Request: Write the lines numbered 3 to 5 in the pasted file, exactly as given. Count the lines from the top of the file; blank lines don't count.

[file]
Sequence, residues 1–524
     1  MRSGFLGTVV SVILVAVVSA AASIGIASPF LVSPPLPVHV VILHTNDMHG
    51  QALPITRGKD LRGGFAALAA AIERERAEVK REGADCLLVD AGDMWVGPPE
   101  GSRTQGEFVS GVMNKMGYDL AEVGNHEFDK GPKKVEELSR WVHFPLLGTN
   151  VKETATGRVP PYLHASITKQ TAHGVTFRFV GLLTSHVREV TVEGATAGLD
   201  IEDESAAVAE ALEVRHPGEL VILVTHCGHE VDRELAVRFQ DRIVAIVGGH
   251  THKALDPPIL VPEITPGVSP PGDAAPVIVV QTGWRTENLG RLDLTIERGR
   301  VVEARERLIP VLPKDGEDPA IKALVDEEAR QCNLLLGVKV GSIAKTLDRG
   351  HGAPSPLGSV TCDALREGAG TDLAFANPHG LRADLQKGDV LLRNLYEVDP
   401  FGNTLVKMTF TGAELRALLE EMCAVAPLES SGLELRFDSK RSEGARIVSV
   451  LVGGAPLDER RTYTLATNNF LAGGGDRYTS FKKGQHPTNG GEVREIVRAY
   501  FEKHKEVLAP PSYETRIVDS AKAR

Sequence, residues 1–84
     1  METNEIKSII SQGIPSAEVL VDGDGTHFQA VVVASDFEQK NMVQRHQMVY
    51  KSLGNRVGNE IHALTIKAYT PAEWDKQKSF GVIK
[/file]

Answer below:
    51  QALPITRGKD LRGGFAALAA AIERERAEVK REGADCLLVD AGDMWVGPPE
   101  GSRTQGEFVS GVMNKMGYDL AEVGNHEFDK GPKKVEELSR WVHFPLLGTN
   151  VKETATGRVP PYLHASITKQ TAHGVTFRFV GLLTSHVREV TVEGATAGLD